The complaint can be useful if it is aimed at those who can make a difference. However, complaining too much can exhaust us psychologically and prevent us from moving forward. trapped in the ironic comfort of seeing the many mistakes of someone or something but doing absolutely nothing to fix them.

          Responsible people don’t behave like that. If they see there is something they can change, instead of complaining to see if hopefully someone does something, they go ahead and see what they can. make. They make an active effort to learn how to deal with the problems they face.

            6. They are aware of their surroundings

            People with high responsibility are deeply aware of themselves and the environment around them, understand and actively improve the relationship between the two to get the most out of it.

            7. Practice self-knowledge

            One can hardly be responsible if one does not know. Self-knowledge is a key aspect for people with high responsibility, an exercise in introspection to get to know themselves better, especially on a psychological level. Involve knowing how we react to a certain situation, what strategies we can apply to improve it and what skills we need to be able to better interact with our peers.

              8. They are persistent

              The sense of commitment of people with high responsibilities leads them to persevere until they achieve the goals they have set for themselves. They take into account the circumstances and the means in which they are immersed, but they do their best to overcome adversity and limitations along the way to the point of accomplishing what they consider to be their duty or their personal objective.

              9. Very Planners

              An important characteristic of responsible people is that they anticipate and plan for any inconveniences that may arise along the way. They anticipate any potential problems they might have so that if they do arise, they have a plan B and can keep moving forward one way or another.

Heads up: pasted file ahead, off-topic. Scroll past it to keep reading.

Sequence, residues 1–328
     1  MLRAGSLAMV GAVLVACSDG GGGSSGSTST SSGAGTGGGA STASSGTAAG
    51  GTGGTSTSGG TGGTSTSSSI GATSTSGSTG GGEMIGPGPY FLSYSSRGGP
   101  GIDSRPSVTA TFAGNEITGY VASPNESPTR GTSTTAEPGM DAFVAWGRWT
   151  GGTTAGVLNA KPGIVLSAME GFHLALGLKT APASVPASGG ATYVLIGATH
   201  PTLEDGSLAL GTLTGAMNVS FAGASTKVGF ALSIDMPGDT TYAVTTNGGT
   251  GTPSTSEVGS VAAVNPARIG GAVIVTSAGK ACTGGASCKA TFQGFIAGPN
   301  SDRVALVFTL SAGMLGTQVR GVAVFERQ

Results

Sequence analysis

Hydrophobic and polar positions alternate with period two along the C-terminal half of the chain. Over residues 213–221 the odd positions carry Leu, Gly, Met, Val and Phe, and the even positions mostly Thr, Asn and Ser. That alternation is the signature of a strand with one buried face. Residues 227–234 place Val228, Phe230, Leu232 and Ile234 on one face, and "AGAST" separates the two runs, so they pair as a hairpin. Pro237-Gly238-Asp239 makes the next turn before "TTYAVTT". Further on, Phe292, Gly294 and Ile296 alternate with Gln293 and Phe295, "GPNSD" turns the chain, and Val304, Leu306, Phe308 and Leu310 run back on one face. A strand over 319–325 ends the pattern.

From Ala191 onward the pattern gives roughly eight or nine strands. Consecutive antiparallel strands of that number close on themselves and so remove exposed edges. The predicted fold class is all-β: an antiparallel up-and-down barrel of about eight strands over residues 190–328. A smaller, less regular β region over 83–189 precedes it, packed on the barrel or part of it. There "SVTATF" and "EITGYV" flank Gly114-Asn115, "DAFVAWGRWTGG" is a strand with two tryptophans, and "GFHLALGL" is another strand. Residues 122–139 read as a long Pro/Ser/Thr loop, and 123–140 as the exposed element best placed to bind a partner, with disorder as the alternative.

10. Punctuality runs through your veins.

              It’s rare for a person who claims to be responsible to arrive late. Punctuality and responsibility go hand in hand, and not just when it comes to meetings or meetings with friends. Managers fulfill their obligations on time, avoiding delays at all costs and, despite everything, they ensure that their work is of the highest quality.

                11. Dedication and care

                Related to the previous point, responsible persons perform their tasks with the highest possible levels of quality. They strive to outdo themselves, devoting energy and time to fulfilling personal obligations and goals.trying as hard as humanly possible.

                12. Touched by Success

                Leaders are generally very successful because the traits of responsibility are social, professional, family, and personal that are highly sought after and valued. Responsible persons they are good learners, hardworking, eager to learn and improve, which makes them more likely to succeed. They don’t rest until they get something, even if it means sacrificing their free time and even resting.

                Their perseverance becomes a success that earns them the admiration and support of those around them.

                Bibliographic references

                • Costa, PT and McCrae, RR (1992). NEO PI-R Professional Manual. Odessa, Florida: Psychological Assessment Resources.
                • Friedman, HS, Kern, ML, Hampson, SE and Duckworth, AL (2014). A new approach to consciousness and health throughout life: combining the pieces of the causal puzzle. Developmental Psychology, 50(5), 1377–1389. doi:10.1037/a0030373
                • Kern, ML, Friedman, HS, Martin, LR, Reynolds, CA and Luong, G. (2009). Conscientiousness, professional success and longevity: an analysis of lifespan. Annals of behavioral medicine: a publication of the Society of Behavioral Medicine, 37 (2), 154–163. doi:10.1007/s12160-009-9095-6.
                • Soto, CJ, Kronauer, A., & Liang, JK (2016). Five Factor Personality Model. In SK Whitbourne (Ed.), Encyclopedia of adulthood and aging (Vol. 2, pp. 506-510). Hoboken, NJ: Wiley.